Two dogs were rescued from a parked hot car by police officers who noticed they were left unattended. The window was only slightly cracked and the dogs had no access to water. The dog owners were away shopping. Police from the UK town, Cannock, managed to crack the car door open without damaging it to get the dogs out. They shared an update on their Facebook page and warned dog owners to be wary about leaving dogs in cars, as the weather gets warmer, without ventilation or water. It is just as distressful for animals as it is for humans to be left in a hot car.
The Cannock Police shared pictures of the car the dogs were trapped in and their happy faces once they were rescued. The Facebook post read: Another example of dogs being left in a vehicle parked at the new outlet, on a hot day in Cannock…without any access to water. If you want to know how hot it gets in the car with a window cracked open and the engine off… you can try sitting in the car yourself. The dogs were feared to have been dehydrated and were taken to the Cannock police station where they were kept. The owners were asked to collect them from the police station. It is unclear if the dogs were reunited with their dogs.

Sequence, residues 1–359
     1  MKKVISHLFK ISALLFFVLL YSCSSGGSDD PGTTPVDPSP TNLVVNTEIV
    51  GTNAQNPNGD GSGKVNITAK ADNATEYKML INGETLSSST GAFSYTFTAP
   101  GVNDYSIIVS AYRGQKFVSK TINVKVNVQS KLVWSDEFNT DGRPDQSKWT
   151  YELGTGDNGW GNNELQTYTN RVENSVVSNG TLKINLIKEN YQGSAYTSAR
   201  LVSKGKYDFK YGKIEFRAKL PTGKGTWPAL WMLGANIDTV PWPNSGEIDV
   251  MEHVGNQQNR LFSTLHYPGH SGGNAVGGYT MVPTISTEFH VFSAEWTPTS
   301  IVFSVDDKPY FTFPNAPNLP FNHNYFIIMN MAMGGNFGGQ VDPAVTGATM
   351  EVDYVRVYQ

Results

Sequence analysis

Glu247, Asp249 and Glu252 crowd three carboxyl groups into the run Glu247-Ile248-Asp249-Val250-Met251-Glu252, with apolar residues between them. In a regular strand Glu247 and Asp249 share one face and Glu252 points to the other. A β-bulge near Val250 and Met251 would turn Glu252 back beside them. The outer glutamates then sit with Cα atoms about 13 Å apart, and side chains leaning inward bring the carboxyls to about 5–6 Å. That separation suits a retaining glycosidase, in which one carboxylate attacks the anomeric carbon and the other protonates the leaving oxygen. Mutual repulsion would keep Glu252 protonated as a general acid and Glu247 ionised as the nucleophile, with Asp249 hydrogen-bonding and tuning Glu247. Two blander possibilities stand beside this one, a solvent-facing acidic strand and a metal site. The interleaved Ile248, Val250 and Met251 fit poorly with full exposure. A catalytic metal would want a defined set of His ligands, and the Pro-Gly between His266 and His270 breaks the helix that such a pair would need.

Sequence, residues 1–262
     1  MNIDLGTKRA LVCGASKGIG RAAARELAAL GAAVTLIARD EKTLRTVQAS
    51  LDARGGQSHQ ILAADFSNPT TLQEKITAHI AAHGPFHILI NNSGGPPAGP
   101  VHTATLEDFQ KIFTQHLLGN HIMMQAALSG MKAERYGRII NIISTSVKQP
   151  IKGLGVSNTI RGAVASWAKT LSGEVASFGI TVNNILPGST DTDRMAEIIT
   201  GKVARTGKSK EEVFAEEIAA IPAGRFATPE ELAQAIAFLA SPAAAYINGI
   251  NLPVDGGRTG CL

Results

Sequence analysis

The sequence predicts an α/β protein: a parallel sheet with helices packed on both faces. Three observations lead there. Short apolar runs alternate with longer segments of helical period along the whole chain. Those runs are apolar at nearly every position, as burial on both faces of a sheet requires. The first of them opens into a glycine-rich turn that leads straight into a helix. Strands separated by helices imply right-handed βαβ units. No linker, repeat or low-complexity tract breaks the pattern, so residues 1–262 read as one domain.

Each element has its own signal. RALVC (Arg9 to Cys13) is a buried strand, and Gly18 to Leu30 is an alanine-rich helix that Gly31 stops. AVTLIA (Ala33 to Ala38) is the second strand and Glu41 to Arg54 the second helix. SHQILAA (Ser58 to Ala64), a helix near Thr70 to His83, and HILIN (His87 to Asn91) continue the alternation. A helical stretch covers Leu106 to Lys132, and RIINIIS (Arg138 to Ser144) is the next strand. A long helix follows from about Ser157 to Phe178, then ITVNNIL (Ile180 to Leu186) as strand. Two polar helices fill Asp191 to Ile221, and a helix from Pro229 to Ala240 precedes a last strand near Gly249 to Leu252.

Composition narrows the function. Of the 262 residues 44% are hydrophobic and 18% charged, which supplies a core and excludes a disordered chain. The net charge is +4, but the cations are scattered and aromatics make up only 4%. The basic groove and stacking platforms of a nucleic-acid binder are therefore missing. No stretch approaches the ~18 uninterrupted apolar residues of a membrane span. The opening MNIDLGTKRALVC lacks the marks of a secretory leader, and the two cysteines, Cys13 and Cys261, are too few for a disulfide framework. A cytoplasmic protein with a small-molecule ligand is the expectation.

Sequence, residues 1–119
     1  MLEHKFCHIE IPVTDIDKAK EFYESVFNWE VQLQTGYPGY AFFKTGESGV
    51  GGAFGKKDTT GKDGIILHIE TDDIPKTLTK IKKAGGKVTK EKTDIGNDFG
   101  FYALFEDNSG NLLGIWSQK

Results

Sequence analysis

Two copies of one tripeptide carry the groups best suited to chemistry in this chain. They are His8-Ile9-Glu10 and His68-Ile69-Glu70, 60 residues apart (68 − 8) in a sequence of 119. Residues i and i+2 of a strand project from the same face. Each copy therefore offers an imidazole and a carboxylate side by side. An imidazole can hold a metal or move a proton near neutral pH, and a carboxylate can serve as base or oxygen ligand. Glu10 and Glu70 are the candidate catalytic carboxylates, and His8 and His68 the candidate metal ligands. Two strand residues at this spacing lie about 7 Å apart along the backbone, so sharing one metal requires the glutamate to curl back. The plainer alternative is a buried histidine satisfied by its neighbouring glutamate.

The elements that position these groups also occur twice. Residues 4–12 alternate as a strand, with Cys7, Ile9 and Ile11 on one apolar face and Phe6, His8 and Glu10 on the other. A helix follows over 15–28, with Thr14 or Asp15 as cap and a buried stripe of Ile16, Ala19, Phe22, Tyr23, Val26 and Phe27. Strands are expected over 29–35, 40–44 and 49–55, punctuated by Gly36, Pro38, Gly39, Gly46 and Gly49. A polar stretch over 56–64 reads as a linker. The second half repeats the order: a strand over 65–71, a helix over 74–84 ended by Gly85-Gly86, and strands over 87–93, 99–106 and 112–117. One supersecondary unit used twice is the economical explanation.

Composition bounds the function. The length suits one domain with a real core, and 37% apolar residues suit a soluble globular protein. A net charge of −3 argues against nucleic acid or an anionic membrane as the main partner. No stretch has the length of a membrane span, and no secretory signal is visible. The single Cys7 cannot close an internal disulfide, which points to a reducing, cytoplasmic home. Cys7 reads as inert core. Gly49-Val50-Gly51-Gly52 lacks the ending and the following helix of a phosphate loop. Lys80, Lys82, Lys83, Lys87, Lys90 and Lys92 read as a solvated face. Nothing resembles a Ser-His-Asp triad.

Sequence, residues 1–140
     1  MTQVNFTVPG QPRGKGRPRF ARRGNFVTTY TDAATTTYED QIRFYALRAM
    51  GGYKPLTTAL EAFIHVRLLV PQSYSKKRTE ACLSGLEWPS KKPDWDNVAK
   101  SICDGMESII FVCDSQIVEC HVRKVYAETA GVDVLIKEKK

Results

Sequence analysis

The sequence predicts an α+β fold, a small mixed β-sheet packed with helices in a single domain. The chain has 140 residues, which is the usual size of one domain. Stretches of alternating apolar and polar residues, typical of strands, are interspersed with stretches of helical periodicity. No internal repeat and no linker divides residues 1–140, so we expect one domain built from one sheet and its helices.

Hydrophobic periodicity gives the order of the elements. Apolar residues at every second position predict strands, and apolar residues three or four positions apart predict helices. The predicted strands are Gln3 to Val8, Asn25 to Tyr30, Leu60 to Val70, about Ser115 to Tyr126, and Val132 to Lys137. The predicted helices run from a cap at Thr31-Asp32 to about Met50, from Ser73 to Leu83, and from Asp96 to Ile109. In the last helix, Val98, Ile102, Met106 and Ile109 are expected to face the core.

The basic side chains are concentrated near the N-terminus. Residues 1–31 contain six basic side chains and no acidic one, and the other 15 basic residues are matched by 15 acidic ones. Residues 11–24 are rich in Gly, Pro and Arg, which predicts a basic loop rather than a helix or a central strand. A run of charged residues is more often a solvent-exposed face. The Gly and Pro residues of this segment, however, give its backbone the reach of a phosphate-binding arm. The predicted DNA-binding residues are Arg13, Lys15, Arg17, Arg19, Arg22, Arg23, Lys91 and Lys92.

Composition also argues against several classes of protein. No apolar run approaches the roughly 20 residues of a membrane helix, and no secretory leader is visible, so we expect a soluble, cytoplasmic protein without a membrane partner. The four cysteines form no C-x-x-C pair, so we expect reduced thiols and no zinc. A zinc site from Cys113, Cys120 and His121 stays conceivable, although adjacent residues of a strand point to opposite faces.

The police had reported this negligence to the Royal Society for the Prevention of Cruelty to Animals (RSPCA.) The rescued dogs were left in the parking lot of the brand new McArthurGlen shopping village in Cannock, Staffordshire, according to Metro. The two police officers who spotted and rescued the dogs even shared a picture of them sitting in the backseat of the police car.
A Facebook user was all praise for the police and wrote: Well done Cannock Police …when will people learn…Hope the lecture they got on collection will sink in and they value their dogs a bit more over the latest named clothing they bought. Tracey Ann had this to say, Wow! Well done for getting them out!! With all the information available I can’t believe people actually still do this knowing the dangers!
In 2019, 78 pets died in a hot car after a heat stroke, as per The Zebra. The site also stated that dogs with broad, short skulls also known as brachycephalic breeds, such as pugs and bulldogs are more susceptible to heatstroke. Overweight dogs and dogs with a heart condition will also most likely suffer a heat stroke. The most common signs a dog would have when suffering a heat stroke is that it would have excessive, rapid breathing, or panting. Dogs do not sweat and rely mainly on their respiratory tract to dissipate heat. According to Bark Post, they can also lose heat through dilation of the blood vessels of the skin and increased cardiac output which means they will have rapid heartbeats.